EP40: My Co-Worker is Constantly Complaining

DTD Episode 40 Show Notes
Defeat YOUR Drama: My Co-Worker is Constantly Complaining

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Catarina from Scotland, U.K.

If you’d like me to share customized strategies for your drama situation go to my website http://podcast.defeatthedrama.com/defeat-your-drama/. You can type or record your message. Use your real name or an alias for anonymity. Note that recorded or written messages may be used on the podcast.


Now, my question is, how do you reach out to someone at work who thinks they are doing “all these tasks”‘ to the point that certain tasks that they are supposed to be doing aren’t done as much as they should? What should be added is that this person has complained high and wide about other people not doing some of their tasks. She also seems to have plenty of time for gossip with others and sitting about just looking at what everyone is doing. She doesn’t really seem to have that concept that there are people who work even harder than herself. It seems to be all “score-keeping” on her part and she doesn’t seem to get that there might be a valid reason for people’s actions sometime. All too frequently, she “reports” to me with all this information, even though we are in the same position (I have a couple of years more experience than her), so its not like I can’t fix any problems any more than she can. My impression of her is that nobody is “safe” from her scrutiny and hence, I wouldn’t trust her with any important information, if I can help it. Thankfully, because I have had my job for longer than she has I am more knowledgeable and experienced than her. That means that I am not worried in regards to any problems that she might create, but I just find her very tiresome and annoying. I want to find a constructive way, to make her realize what she is doing?

Catarina, so sorry to hear about your struggles. Let’s get you some customized solutions.

As always, In the Defeat Your Drama segments, I will provide solutions based on the information provided. I will obviously not have full details so will provide customized strategies based on what you share. Always consider your own specific circumstances before taking any action. These are suggestions not guarantees.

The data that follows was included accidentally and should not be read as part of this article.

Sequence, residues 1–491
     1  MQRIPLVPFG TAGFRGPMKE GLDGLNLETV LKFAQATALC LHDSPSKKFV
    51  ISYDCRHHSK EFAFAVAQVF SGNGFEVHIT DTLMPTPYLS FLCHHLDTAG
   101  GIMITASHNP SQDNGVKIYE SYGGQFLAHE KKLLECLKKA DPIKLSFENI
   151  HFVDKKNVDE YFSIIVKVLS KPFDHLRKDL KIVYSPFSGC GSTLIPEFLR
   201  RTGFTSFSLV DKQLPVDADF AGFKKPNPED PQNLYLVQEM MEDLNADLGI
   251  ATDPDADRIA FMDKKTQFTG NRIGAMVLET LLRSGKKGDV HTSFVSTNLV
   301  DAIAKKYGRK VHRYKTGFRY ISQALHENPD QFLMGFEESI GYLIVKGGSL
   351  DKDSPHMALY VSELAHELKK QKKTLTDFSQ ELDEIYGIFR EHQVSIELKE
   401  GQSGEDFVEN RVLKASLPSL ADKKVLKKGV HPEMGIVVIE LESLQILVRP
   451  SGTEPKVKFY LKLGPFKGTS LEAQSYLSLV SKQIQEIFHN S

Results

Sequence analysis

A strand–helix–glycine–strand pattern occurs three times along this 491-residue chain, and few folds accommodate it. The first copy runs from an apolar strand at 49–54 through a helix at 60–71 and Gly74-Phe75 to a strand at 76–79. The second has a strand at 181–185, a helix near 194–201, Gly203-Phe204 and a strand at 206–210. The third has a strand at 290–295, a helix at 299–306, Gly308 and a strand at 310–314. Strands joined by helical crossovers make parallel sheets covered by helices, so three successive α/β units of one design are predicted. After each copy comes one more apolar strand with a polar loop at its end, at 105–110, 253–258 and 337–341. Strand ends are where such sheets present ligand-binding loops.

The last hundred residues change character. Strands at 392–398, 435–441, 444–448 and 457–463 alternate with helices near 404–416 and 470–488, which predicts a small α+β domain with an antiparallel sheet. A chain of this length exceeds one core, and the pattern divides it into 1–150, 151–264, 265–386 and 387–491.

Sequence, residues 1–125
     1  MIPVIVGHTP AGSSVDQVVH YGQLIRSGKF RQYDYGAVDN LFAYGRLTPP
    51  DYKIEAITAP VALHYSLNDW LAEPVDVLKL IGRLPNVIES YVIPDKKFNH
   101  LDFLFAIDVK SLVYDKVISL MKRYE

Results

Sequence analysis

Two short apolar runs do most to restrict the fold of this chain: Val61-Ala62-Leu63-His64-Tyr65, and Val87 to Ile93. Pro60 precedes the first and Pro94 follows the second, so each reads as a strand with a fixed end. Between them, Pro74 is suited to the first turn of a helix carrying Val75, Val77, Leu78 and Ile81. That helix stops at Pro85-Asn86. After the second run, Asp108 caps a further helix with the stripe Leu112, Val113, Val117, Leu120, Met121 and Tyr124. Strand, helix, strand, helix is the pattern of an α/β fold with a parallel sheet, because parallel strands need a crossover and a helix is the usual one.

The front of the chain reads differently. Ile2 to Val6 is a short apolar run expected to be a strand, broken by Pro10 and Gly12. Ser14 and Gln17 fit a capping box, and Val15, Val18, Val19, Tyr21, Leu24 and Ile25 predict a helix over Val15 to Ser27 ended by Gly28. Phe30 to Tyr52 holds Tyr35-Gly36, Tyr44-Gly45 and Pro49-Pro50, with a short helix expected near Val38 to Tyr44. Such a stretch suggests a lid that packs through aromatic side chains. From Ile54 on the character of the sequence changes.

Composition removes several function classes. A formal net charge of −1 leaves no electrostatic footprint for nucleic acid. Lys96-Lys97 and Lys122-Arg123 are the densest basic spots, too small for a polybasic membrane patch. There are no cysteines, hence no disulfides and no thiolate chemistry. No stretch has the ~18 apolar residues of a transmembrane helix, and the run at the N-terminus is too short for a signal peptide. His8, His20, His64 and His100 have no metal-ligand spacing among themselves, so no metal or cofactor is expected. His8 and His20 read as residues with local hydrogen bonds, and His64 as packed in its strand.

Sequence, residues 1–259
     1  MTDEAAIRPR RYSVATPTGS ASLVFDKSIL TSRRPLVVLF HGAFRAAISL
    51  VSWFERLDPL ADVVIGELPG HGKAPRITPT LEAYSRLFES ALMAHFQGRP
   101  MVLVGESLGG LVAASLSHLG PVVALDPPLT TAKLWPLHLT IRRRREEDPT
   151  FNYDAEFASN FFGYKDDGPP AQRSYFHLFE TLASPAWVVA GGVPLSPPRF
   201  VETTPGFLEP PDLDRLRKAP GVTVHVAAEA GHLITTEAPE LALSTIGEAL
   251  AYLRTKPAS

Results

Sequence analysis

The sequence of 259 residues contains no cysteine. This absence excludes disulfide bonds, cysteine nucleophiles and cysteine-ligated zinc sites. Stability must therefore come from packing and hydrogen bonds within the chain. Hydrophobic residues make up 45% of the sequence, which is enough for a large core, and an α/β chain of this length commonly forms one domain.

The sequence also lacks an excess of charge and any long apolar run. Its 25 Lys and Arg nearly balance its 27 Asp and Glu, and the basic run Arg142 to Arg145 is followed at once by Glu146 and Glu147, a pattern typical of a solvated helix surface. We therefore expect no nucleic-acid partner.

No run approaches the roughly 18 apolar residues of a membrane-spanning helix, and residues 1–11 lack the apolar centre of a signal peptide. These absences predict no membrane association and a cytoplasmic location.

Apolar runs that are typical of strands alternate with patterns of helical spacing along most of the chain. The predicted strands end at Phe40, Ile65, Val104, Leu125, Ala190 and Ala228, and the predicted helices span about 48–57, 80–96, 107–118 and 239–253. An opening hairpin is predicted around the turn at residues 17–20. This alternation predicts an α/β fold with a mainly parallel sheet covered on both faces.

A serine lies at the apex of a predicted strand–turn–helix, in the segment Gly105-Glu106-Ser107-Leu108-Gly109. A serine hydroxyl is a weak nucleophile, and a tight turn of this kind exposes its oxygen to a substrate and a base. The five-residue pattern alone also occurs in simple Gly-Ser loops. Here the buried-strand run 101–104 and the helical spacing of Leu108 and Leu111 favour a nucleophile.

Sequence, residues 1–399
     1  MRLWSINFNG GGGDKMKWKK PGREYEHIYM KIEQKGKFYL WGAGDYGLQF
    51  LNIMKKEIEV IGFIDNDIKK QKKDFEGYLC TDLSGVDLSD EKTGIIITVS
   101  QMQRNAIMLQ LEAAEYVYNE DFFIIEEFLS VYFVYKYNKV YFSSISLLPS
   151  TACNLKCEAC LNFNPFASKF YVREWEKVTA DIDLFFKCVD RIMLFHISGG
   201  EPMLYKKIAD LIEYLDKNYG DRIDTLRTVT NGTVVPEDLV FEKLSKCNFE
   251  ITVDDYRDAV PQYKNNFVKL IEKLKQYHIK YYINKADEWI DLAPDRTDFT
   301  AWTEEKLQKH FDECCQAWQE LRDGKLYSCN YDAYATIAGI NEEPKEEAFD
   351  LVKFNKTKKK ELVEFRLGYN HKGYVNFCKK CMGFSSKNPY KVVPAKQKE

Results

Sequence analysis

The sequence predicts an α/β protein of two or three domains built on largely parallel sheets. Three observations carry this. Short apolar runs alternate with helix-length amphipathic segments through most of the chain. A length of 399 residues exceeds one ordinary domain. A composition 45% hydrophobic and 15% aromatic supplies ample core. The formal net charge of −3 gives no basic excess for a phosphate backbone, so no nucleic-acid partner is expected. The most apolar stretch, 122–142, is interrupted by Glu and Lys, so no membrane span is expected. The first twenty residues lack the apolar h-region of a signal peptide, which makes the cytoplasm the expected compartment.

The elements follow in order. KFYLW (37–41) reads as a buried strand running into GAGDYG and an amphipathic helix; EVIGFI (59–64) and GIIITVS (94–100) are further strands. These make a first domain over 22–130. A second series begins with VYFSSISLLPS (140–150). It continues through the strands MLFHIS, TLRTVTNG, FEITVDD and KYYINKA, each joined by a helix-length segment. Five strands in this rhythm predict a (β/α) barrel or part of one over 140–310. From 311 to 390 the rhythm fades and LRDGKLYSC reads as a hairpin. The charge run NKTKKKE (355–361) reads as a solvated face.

#1 Set a Boundary

Acknowledge that you understand that she is frustrated. You could say something like, “It sounds like you are still feeling frustrated.” Then let her know you understand but it’s difficult because there is nothing you can do to help her. You want to do a good job and feel that you don’t have time to be the ear for her frustration when, between the two of you, there is really no solution. It doesn’t feel like an effective use of either of your time and you are both so busy.

Emphasize that you try to focus on just doing your best and don’t really pay attention to what others are doing. Share that you’ve found that to be the best strategy to assure that you are productive and that that is your main goal; to be as productive as possible yourself.

Request that she not take you away from your work to discuss things out of your control so that you can focus getting your own job done to the best of your ability.

Chances are you will need to remind her of your request more than once. Keep at it. It won’t be fun to complain to you if you don’t acknowledge her or respond with sympathy. She’ll give up after a while.

#2 Focus on the Positive

Complaining of any sort is annoying when it is on going. You also might want to communicate a request or boundary around your desire to stay positive at work. Share that you like to bring positive energy and feel positive at work. While there are frustrations most days you choose to focus on what is working well and on feeling good at work. Let her know that using you as her complaint sounding board is bringing you down and that you prefer that she find another outlet.

Depending on the relationship you have with her you might go on to suggest that she try to focus on the positive as well. Perhaps you can point out that you feel team members work hard and pitch in to get things done. Share a few examples with her and then move on.

#3 More Globally Can You Use Check Lists?

You don’t say anything about the work that you do but it seems that there are a repeating set of tasks that need to be completed daily or weekly. Sometimes implementing a checklist system is helpful. I know that you aren’t the leader but perhaps you can make a recommendation and offer to work on the project. Where there are repeating daily or weekly tasks you can have checklists used by the team. Each person can have their own checklist, thus, documenting the division of work, or the team can share one checklist per cycle. As tasks are completed each person could check off the item they’ve done along with initials. That way the amount of work each person is doing can be tracked. And the added bonus, you can be sure that everything gets done. You won’t be relying on everyone remembering the list.

#4 Talk to Your Boss

I would treat this option as a last resort. Hopefully the other steps will work. If, however, the situation is unmanageable, you feel that productivity is suffering significantly or other team member’s jobs might be in jeopardy from her false accusations you might need to bring in leaders. If you must utilize this strategy I would start by sharing the steps you’ve already taken to try to improve the situation on your own. Emphasize that you are not trying to be a tattletale but that you are concerned about productivity and team morale.

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